“Government agents have recently uncovered numerous calls from hard-to-track prepaid cell phones, Internet-based phone service, prepaid phone cards and public pay phones in the United States to known al-Qaida locations overseas, federal officials said. The calls are one piece of a growing body of evidence pointing to the presence of suspected members of terrorist sleeper cells operating on U.S. soil, and a growing sophistication on their part to keep their communications secret, the officials said.” MSNBC
…if U.N. Backs War NY Times
Ruling Roils Death Penalty Cases: “…(T)rying to untangle the consequences of the Supreme Court’s decision in Ring v. Arizona, which said juries rather than judges must make the crucial factual determinations that support the death penalty, (has made for a busy summer for) courts and legislatures in the nine states where juries do not make such findings, or render only advisory verdicts…” NY Times
How Saddam Happened: “America helped make a monster. What to do with him—and what happens after he’s gone—has haunted us for a quarter century.” MSNBC
City Lights, 1955. Lawrence Ferlinghetti (on the right, with, from left, Bob Donlin, Neal Cassady, Allen Ginsberg, and Robert LaVigne) recalls, ” When the picture was taken, I was thinking, ‘Are these the best minds of our generation?’ Howl starts with that phrase. I’d say it was a bit of a satirical question. I am the only one in the picture still alive, because I work out all the time. They didn’t work out except raising the elbow or rolling joints. I wasn’t part of the Beat Generation at all. I was really the last bohemian…” NY Times Magazine [Doesn’t it look as if the sign saying “Books” is a thought balloon emanating from LaVigne’s head, by the way? FmH]
FDA Issues Approvable Letter For Abilify. Another new ‘atypical’ antipsychotic medication reaches the marketplace; ‘Abilify’ is its brand name, and aripiprazole its generic moniker. The new generation of ‘atypical’ antipsychotics represents a revolution in increased tolerability and efficacy as compared to the older, ‘typical’ or first-generation antipsychotics. For psychiatrists like myself who treat psychotic illnesses such as schizophrenia, this is as exciting as the explosion in antidepressant development was a decade before. You don’t hear as much about this revolution because there is virtually no public constituency for schizophrenia. However, although you don’t think you have had much contact with the disease because those affected are largely socially shunned and segregated in a manner quite different from depressed patients (no TV ads for antipsychotics forthcoming!), you probably have had at least some indirect contact with its consequences given that it affects 1-3% of the population overall. So I think it’s worth my while wriitng about this development for a general audience of interested souls.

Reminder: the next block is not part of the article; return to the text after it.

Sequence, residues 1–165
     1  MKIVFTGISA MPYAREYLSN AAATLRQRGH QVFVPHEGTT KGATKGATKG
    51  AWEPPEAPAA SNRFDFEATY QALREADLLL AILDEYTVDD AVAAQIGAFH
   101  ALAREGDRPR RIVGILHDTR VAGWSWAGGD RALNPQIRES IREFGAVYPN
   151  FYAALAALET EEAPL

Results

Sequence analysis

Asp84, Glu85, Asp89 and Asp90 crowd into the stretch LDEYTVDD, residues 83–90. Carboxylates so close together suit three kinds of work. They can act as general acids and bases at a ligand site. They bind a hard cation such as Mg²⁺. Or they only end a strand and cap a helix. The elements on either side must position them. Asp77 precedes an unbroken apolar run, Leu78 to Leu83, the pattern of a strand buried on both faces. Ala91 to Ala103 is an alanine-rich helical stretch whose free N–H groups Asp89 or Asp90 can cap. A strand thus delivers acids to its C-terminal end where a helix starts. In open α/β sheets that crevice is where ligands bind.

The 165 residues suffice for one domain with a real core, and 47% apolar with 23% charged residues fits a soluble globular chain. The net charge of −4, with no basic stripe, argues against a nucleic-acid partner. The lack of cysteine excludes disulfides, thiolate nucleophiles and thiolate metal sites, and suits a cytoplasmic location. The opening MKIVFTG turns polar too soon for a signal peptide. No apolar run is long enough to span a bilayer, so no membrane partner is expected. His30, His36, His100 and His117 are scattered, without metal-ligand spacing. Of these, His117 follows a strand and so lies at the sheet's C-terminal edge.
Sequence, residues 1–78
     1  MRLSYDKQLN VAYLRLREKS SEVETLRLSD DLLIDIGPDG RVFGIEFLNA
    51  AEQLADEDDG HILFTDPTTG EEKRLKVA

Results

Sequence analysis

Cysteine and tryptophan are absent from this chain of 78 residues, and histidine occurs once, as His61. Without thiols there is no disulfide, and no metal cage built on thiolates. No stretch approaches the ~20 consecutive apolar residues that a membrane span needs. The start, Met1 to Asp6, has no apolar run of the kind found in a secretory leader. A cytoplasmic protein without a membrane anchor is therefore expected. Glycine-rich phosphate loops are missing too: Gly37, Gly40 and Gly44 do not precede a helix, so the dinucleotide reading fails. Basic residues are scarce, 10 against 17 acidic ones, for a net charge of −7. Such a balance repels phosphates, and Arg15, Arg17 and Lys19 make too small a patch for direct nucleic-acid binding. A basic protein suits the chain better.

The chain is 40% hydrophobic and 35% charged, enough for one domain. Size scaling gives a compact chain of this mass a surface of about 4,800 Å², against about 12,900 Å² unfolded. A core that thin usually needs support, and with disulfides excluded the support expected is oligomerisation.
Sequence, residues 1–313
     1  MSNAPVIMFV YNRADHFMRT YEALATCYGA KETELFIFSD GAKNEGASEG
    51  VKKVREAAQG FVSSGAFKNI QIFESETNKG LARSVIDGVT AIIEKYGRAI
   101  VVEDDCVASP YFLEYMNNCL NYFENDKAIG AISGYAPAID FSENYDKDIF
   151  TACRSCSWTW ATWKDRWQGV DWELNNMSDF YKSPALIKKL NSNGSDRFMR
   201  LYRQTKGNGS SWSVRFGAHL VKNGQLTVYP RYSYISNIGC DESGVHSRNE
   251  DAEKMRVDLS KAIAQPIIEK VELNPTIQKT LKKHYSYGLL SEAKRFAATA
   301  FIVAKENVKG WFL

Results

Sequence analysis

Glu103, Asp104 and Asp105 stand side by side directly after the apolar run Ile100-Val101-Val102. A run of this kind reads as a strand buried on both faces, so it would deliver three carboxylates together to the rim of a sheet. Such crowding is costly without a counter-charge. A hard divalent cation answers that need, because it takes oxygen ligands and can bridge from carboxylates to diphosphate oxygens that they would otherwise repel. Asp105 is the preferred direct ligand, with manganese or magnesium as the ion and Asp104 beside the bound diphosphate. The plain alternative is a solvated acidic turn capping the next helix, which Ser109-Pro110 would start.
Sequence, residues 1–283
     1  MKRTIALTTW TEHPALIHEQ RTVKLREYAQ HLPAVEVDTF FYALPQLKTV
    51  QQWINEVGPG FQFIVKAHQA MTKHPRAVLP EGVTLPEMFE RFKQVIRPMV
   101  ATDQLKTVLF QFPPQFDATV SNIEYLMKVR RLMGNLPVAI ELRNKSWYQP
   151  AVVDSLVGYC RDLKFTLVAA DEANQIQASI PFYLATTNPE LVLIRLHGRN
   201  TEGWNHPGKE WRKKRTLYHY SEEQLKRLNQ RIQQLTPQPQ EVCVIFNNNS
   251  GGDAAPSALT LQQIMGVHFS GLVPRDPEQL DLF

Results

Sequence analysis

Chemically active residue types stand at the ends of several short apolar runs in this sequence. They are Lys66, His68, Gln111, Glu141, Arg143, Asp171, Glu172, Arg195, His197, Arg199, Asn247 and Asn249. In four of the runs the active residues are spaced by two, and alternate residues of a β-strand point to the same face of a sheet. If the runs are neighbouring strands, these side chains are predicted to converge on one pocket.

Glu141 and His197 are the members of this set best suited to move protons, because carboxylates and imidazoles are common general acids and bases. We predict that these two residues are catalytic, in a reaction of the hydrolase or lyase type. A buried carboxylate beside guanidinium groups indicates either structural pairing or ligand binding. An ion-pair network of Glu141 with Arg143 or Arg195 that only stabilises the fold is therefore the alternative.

First, there’s its brand name. ‘Abilify’, although mercifully bucking the recent trend for new psychiatric medications to have a ‘z’, a ‘q’ or an ‘x’ in their name, is an extremely silly name, IMHO, and some Bristol-Myers Squibb representatives gearing up to market it to whom I recently spoke agree. [I hope there are no consequences for their disloyalty if any of their corporate superiors read this. — FmH] We joked about the estimated $1 million fee some agency got to develop a name for this product. I offered the company that, from my vantage point in the psychiatric marketplace [yes, as FmH readers know, you should make no mistake about the fact that it is a marketplace!], I would create advantageous product names for half what they would pay anyone else, but for some reason they haven’t taken me up on my offer.
In any case, from my reading so far, aripiprazole (I try not to use brand names, as a matter of fact) does not seem a massive therapeutic advance over the other ‘atypical’ or ‘second-generation antipsychotics we have available already — clozapine (Clozaril), risperidone (Risperdal), olanzapine (Zyprexa &mdash ahhh, there’s that ‘x’ and that ‘z’!), quetiapine (Seroquel) and ziprasidone (Geodon). Predictably, sales efforts will soon begin to jockey for a share of the antipsychotic ‘market’ by spinning the clinical studies (often funded by Bristol-Myers Squibb money) to claim more rapid onset, better response, or improved tolerability. Even the explanations of mechanisms of action for these new molecules are ‘spins’, since the CNS is largely a black box and the molecular actions of these medications are opaque to us. (For those of you who are curious, what I’ve read so far indicates that while, like other atypical antipsychotics, aripiprazole has combined postsynaptic dopamine and serotonin activity, it is also supposed to be a presynaptic dopamine autoreceptor agonist. It remains to see if it is; if that is as distinct from the other atypicals as it is made out to be; and, if it is, how much of a contributor to its effectiveness that might be…)